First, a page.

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In Battle of the Five Armies there is a scene of the Orcs summoning the "earth eaters" and then a while later the were worms bust out of the Earth. I was kind of excited to see what kind of havoc these creatures would wreak. But then they don't show up again. What was the point of the were-worms in the movie?

If you don't tell me now I will never find out because I am not watching the Hobbit movies ever again!

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    +1 for "If you don't tell me now I will never find out because I am not watching the Hobbit movies ever again". I thought I was in a minority of one! I loved the LotR movies, despised the Hobbit Movies! May 25 '15 at 14:19
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    @BinaryWorrier I just hate so many things about the Hobbit film adaptation: it had very little heart (I don't remember feeling much of anything during these movies); it added way too much stuff; it was far far too long (at ~8 hours total it would take less time to read the book, and be more worth your time).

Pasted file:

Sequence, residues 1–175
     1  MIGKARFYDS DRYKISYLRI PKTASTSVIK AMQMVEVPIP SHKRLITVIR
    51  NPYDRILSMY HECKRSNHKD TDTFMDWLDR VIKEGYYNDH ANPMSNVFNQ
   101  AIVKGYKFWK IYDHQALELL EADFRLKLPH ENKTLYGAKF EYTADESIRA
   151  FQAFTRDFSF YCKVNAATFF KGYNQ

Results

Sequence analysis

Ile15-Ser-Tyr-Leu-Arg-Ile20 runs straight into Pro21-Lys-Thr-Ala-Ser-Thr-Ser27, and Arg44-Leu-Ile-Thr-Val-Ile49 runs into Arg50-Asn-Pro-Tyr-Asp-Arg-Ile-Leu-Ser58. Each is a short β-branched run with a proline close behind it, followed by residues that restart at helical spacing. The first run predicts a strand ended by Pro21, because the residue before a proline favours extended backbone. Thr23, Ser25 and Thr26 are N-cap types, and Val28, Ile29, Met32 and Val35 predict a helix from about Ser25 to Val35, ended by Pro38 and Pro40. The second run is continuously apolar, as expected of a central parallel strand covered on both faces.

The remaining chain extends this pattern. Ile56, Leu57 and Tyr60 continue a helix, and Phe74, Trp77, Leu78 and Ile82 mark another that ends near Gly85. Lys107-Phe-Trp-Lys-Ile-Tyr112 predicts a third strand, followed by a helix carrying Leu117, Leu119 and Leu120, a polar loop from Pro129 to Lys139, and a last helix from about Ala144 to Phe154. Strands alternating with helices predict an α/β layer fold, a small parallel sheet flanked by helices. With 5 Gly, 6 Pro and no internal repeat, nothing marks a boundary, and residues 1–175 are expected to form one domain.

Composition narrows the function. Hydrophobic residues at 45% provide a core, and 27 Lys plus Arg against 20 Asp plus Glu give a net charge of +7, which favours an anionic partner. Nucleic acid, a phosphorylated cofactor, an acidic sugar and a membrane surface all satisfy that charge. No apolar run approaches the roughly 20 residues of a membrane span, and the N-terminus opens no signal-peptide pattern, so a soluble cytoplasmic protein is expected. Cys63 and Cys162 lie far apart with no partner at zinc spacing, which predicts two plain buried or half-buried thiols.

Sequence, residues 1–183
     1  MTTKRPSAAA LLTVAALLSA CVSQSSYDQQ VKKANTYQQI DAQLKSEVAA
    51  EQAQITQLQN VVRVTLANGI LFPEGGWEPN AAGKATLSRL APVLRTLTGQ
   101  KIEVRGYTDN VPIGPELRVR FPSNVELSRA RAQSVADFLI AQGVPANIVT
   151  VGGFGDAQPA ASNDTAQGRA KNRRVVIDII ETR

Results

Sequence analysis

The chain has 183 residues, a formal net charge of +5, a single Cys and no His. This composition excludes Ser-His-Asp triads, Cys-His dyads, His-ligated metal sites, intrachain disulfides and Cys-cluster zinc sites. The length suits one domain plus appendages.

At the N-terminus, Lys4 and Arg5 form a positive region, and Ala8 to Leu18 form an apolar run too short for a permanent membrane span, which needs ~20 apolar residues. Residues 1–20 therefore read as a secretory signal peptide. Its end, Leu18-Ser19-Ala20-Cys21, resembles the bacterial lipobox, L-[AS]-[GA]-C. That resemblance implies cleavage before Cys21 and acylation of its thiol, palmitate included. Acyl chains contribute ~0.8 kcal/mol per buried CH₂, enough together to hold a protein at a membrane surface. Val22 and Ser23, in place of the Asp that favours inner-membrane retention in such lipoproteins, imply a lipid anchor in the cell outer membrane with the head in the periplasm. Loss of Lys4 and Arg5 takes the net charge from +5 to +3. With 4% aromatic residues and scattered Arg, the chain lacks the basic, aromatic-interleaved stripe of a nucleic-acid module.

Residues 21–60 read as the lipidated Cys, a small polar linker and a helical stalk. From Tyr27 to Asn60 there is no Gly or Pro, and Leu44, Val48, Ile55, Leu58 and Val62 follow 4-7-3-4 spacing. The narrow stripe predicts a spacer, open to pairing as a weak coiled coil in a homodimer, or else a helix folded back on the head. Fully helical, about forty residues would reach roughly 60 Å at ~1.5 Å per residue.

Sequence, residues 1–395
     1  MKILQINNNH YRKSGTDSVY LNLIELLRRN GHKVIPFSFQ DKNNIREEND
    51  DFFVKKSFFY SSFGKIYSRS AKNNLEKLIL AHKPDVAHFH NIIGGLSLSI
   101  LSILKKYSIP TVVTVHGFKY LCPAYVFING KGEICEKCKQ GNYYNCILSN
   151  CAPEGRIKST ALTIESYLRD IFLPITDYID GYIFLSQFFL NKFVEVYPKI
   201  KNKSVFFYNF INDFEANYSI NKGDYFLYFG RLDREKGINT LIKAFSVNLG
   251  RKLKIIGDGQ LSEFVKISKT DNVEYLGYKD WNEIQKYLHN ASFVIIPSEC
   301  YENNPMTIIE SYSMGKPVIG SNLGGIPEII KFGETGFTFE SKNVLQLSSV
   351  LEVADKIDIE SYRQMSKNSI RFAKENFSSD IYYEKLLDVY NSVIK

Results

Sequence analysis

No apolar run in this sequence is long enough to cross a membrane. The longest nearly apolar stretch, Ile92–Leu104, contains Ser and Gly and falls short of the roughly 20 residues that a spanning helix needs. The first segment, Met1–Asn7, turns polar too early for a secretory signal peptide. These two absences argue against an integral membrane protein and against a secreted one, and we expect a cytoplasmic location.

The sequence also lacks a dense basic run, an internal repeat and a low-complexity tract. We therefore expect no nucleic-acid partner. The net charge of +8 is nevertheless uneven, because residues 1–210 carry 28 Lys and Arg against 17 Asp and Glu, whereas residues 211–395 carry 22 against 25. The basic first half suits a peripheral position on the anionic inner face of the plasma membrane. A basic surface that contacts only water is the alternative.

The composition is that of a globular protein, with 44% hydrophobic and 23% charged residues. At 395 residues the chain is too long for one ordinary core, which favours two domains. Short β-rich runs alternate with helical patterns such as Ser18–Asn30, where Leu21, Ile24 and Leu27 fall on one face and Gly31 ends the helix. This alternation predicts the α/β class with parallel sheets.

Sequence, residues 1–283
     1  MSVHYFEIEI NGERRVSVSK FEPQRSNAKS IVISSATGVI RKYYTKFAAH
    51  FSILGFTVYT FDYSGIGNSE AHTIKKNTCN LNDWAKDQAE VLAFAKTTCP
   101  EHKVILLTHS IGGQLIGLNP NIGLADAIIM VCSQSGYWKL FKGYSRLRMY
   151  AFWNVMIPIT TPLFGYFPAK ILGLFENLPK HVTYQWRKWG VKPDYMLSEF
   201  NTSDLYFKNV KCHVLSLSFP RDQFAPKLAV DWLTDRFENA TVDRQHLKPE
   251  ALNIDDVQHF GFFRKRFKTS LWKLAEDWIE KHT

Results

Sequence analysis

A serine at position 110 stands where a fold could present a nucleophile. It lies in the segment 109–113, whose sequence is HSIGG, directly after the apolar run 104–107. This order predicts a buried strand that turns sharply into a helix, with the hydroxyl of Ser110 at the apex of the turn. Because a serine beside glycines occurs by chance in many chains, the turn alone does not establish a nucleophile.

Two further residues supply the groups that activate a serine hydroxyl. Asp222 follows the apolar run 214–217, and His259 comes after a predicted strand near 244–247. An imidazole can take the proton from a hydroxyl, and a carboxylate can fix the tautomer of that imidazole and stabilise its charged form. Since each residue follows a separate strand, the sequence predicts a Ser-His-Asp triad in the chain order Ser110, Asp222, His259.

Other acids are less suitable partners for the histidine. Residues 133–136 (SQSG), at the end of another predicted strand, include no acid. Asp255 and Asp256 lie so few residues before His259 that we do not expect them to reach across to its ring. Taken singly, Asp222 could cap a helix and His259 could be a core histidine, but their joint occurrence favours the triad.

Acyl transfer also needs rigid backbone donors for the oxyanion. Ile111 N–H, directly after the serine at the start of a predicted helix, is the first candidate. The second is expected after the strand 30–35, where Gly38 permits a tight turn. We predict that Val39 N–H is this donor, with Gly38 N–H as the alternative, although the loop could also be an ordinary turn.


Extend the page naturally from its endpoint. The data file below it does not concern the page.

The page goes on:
– zipquincy
    May 25 '15 at 14:49
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    @zipquincy: I adore the book, and have done since I read it aged 10 (that's 35 years ago, gulp). I have never been more disappointed with a movie adaptation. Jackson didn't so much translated the Hobbit for cinema, he made 3 massive epic movies as prequils to the LotR movies, and the book got lost in the noise. I'd love to see a movie (possibly one) which captured the tone, the spirit and the story properly. God knows Jackson didn't do that (and again, I'm a Jackson fan, loved LotR, King Kong, Beautiful Creatures, Lovely Bones etc) May 25 '15 at 14:55
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    I liked the scene in Bilbo's house at the beginning.
    – Mr Lister
    May 25 '15 at 17:33
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    They are Nidus worms from Starcraft 2, which are meant to transport units into an enemy base, which is what they did, they don't cause havoc directly.
    – Maxim
    May 25 '15 at 18:02
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They were referenced only as mythical creatures in the books, so all we have to go by is what happened in the movie.